Advances in modern sequencing technologies allow us to generate sufficient data to analyze hundreds of bacterial genomes from a single machine in a single day. This potential for sequencing massive numbers of genomes calls for fully automated methods to produce high-quality assemblies and variant calls. We introduce Pilon, a fully automated, all-in-one tool for correcting draft assemblies and calling sequence variants of multiple sizes, including very large insertions and deletions. Pilon works with many types of sequence data, but is particularly strong when supplied with paired end data from two Illumina libraries with small e.g., 180 bp and large e.g., 3–5 Kb inserts. Pilon significantly improves draft genome assemblies by correcting bases, fixing mis-assemblies and filling gaps. For both haploid and diploid genomes, Pilon produces more contiguous genomes with fewer errors, enabling identification of more biologically relevant genes. Furthermore, Pilon identifies small variants with high accuracy as compared to state-of-the-art tools and is unique in its ability to accurately identify large sequence variants including duplications and resolve large insertions. Pilon is being used to improve the assemblies of thousands of new genomes and to identify variants from thousands of clinically relevant bacterial strains. Pilon is freely available as open source software.
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                Author and article information

                Contributors
                Journal
                Front Microbiol
                Front Microbiol
                Front. Microbiol.
                Frontiers in Microbiology
                Frontiers Media S.A.
                1664-302X
                13 September 2022
                2022
                : 13
                Affiliations
                [1] 1The Second Affiliated Hospital and Yuying Children’s Hospital, Wenzhou Medical University , Wenzhou, China
                [2] 2Key Laboratory of Medical Genetics of Zhejiang Province, Key Laboratory of Laboratory Medicine, Ministry of Education, School of Laboratory Medicine and Life Sciences, Wenzhou Medical University , Wenzhou, China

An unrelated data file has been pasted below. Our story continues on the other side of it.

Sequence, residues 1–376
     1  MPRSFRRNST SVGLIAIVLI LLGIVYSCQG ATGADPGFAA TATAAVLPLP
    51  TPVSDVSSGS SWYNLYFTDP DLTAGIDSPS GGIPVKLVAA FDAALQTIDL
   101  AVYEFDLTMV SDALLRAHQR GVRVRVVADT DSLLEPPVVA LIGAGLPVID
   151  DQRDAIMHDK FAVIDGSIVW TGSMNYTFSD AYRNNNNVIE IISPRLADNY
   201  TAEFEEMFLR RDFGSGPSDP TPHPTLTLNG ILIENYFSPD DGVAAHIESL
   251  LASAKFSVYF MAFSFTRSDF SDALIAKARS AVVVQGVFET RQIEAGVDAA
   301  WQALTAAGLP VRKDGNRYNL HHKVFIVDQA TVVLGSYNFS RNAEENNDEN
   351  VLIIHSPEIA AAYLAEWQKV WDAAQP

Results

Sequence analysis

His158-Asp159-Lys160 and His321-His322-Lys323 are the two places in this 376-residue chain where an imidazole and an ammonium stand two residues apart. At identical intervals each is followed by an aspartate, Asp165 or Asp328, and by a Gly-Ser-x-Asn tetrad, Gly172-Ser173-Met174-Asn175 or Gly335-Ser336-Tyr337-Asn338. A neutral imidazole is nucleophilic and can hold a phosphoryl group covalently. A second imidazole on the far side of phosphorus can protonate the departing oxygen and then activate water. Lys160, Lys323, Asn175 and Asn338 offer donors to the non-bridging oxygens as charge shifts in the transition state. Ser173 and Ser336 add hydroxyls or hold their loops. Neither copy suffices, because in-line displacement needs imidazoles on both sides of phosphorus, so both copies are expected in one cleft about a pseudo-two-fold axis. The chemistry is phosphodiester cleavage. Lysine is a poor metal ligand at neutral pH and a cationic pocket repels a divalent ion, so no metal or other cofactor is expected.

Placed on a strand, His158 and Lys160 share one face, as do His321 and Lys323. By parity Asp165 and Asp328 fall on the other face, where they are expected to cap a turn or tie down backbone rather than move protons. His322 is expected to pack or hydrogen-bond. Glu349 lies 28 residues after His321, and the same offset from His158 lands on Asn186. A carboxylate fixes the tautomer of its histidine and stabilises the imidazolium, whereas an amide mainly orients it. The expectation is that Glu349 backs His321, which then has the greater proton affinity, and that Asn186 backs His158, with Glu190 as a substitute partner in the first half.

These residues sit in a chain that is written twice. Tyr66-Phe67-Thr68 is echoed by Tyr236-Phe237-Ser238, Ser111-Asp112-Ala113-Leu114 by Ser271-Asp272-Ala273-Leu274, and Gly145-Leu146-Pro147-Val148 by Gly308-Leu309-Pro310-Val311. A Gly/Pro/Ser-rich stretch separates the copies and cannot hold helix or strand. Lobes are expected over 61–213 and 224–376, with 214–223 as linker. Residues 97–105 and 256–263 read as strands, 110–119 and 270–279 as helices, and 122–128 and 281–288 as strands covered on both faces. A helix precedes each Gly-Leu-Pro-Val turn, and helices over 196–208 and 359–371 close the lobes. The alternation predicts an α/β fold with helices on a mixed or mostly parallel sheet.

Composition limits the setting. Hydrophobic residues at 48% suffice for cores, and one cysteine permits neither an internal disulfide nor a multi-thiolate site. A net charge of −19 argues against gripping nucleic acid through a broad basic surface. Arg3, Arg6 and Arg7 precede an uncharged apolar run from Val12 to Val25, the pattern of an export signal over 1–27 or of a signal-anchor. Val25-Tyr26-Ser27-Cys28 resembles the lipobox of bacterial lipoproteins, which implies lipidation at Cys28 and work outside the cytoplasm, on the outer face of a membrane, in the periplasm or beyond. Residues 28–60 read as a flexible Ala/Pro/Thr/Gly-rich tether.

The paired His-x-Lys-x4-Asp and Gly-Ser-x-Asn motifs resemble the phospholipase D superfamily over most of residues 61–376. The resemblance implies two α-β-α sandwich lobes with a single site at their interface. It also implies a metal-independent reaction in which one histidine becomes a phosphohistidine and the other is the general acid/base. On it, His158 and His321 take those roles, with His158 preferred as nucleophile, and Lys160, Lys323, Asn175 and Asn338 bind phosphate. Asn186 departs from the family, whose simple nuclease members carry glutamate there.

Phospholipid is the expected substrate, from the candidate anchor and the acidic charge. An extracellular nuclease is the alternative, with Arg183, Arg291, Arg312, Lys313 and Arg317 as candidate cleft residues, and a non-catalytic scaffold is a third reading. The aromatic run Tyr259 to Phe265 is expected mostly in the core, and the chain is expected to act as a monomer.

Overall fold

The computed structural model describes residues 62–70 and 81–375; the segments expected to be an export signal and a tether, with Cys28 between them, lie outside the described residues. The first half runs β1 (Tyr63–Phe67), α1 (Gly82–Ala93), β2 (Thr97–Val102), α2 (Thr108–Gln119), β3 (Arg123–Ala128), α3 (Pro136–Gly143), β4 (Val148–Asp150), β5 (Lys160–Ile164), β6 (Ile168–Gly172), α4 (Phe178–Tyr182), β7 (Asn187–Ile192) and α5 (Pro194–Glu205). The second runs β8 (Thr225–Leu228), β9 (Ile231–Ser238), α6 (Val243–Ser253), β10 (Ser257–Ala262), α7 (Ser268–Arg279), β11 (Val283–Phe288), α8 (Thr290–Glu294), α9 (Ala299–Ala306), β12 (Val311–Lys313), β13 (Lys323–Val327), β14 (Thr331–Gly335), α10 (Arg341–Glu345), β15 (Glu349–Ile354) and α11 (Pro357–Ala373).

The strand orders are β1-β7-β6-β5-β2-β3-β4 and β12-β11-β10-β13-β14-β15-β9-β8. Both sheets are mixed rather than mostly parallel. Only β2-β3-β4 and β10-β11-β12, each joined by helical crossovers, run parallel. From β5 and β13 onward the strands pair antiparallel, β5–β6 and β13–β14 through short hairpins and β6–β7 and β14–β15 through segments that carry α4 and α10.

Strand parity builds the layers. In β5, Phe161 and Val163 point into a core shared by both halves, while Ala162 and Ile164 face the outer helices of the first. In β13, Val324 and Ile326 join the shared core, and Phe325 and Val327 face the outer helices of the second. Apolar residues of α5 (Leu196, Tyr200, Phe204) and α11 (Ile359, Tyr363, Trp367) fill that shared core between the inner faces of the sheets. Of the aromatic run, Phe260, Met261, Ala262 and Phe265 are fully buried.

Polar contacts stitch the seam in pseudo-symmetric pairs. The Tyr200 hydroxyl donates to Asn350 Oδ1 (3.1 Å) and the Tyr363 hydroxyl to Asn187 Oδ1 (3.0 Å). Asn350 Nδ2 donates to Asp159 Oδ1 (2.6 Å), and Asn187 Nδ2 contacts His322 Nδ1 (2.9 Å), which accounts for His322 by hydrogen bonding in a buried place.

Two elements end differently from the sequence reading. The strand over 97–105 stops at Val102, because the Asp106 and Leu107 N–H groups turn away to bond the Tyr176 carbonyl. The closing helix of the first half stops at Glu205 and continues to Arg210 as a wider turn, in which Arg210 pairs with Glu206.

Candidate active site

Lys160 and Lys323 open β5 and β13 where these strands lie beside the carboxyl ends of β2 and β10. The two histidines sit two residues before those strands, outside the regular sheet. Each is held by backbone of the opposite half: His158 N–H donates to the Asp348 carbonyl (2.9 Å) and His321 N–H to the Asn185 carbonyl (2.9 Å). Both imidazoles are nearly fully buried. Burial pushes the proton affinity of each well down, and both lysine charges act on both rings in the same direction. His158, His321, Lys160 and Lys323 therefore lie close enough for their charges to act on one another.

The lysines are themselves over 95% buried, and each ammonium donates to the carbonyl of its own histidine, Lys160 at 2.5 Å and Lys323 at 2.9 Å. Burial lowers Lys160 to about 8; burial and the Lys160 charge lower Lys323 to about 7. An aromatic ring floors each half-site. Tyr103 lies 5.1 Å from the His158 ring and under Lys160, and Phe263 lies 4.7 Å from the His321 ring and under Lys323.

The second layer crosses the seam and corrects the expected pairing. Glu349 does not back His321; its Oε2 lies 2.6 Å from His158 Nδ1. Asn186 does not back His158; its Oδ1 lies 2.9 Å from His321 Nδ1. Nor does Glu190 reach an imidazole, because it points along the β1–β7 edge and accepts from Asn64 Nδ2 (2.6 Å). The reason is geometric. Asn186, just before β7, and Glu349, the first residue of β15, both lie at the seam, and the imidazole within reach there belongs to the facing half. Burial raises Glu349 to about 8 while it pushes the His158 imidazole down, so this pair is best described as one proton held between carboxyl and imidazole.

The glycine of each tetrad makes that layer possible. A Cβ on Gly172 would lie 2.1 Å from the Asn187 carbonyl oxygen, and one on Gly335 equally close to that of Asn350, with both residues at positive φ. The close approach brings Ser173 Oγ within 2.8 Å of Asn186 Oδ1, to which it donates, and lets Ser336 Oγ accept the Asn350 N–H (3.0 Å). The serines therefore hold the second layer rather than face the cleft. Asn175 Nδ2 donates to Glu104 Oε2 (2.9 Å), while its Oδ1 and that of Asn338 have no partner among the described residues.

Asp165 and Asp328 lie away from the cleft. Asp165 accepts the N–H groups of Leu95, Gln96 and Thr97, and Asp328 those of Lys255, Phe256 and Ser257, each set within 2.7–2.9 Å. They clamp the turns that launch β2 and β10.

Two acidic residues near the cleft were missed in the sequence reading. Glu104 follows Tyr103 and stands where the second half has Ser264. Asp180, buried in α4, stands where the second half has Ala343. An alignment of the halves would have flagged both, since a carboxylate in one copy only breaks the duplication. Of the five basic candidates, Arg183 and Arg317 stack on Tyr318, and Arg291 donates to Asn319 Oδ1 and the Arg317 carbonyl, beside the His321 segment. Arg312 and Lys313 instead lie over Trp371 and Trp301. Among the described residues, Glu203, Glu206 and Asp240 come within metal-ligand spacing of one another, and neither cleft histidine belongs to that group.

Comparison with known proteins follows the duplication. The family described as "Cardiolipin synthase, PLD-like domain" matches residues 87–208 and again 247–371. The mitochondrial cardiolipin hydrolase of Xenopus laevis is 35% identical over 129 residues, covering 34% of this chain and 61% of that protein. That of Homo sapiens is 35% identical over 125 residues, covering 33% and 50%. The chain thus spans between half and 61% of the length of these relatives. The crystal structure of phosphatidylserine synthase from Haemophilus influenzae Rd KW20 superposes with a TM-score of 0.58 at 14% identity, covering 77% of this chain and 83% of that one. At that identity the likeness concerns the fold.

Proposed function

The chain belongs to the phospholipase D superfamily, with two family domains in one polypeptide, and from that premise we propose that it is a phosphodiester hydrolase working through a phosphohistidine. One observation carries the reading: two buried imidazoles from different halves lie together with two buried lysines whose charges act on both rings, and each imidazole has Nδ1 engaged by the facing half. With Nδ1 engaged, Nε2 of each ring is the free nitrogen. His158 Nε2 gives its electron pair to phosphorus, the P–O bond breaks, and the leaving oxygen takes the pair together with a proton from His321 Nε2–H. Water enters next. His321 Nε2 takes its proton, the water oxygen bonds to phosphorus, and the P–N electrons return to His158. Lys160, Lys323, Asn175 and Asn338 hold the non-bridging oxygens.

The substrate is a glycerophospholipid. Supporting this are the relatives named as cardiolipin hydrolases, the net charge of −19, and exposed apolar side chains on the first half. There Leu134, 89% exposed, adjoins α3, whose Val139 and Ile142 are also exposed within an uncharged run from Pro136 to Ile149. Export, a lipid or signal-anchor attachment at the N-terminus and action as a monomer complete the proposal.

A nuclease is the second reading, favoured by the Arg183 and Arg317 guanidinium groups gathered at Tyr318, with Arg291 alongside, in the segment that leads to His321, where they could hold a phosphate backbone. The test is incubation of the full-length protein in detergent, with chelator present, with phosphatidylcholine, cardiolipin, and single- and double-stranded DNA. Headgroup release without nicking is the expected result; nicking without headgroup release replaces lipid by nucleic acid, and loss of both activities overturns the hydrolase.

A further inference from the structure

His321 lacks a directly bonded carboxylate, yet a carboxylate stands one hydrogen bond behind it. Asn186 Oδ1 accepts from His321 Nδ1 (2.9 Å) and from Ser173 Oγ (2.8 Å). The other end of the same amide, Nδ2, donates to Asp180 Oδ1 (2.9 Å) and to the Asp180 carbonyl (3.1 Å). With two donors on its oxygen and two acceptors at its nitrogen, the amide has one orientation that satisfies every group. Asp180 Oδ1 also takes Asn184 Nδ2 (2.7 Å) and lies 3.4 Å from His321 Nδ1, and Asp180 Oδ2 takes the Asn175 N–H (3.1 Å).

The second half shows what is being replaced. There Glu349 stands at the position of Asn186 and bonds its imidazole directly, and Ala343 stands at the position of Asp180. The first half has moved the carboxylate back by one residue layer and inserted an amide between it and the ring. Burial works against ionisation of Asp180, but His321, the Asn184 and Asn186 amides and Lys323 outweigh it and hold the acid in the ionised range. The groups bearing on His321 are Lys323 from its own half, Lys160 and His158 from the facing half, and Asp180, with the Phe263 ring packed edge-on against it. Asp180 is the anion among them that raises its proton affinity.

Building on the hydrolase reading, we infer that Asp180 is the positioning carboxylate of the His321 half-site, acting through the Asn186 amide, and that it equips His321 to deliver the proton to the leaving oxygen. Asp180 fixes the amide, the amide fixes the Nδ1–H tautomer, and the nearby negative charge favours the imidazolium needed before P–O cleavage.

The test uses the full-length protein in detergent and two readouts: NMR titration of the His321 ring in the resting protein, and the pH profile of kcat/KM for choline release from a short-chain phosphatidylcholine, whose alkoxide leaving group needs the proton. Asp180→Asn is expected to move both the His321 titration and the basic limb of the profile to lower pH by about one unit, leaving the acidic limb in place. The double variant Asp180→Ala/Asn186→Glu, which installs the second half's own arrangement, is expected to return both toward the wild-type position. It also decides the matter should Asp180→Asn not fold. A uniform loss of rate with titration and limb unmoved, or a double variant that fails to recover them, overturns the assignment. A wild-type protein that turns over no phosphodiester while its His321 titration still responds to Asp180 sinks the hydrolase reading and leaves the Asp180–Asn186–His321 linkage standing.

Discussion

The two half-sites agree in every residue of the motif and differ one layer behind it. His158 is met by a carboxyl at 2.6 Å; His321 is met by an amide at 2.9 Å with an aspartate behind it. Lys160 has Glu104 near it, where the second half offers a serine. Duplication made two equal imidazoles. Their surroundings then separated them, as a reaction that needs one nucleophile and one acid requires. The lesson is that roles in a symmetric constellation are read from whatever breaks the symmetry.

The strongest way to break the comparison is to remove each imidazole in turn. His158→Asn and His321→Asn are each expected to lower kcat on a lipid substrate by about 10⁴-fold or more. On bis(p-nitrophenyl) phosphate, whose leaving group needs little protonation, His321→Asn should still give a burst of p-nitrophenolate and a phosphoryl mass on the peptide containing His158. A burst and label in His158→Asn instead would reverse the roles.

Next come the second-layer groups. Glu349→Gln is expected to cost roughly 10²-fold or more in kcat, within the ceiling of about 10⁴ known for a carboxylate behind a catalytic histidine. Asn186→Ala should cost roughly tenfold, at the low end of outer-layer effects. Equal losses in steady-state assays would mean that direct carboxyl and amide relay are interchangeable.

[3] 3Medical Molecular Biology Laboratory, School of Medicine, Jinhua Polytechnic , Jinhua, China
                Author notes

                Edited by: Chang-Wei Lei, Sichuan University, China

                Reviewed by: Yingshun Zhou, Southwest Medical University, China; Shangshang Qin, Zhengzhou University, China

                *Correspondence: Qiyu Bao, baoqy@ 123456genomics.cn

                This article was submitted to Antimicrobials, Resistance and Chemotherapy, a section of the journal Frontiers in Microbiology

                Article
                10.3389/fmicb.2022.990739
                9513248
                7ce8acb7-de1b-4ce7-9b7e-e9f0fa54cd97
                Copyright © 2022 Feng, Gao, Jiang, Shi, Li, Liu, Zhang, Zhang, Li, Lin, Lu, Li, Zhang, Hu, Bao and Lin.

                This is an open-access article distributed under the terms of the Creative Commons Attribution License (CC BY). The use, distribution or reproduction in other forums is permitted, provided the original author(s) and the copyright owner(s) are credited and that the original publication in this journal is cited, in accordance with accepted academic practice. No use, distribution or reproduction is permitted which does not comply with these terms.

                Page count
                Figures: 5, Tables: 6, Equations: 0, References: 40, Pages: 11, Words: 5489
                Funding
                Funded by: Science & Technology Project of Wenzhou City, China
                Award ID: N20210001
                Award ID: Y2020112
                Funded by: Zhejiang Provincial Natural Science Foundation of China
                Award ID: LY19C060002
                Award ID: LQ17H190001
                Funded by: Natural Science Foundation of China , doi 10.13039/501100001809;
                Award ID: 81973382
                Categories
                Microbiology
                Original Research

                Microbiology & Virology
                aminoglycoside o-nucleotidyltransferase,aada33,providencia vermicola,enzyme kinetics,novel antimicrobial resistance gene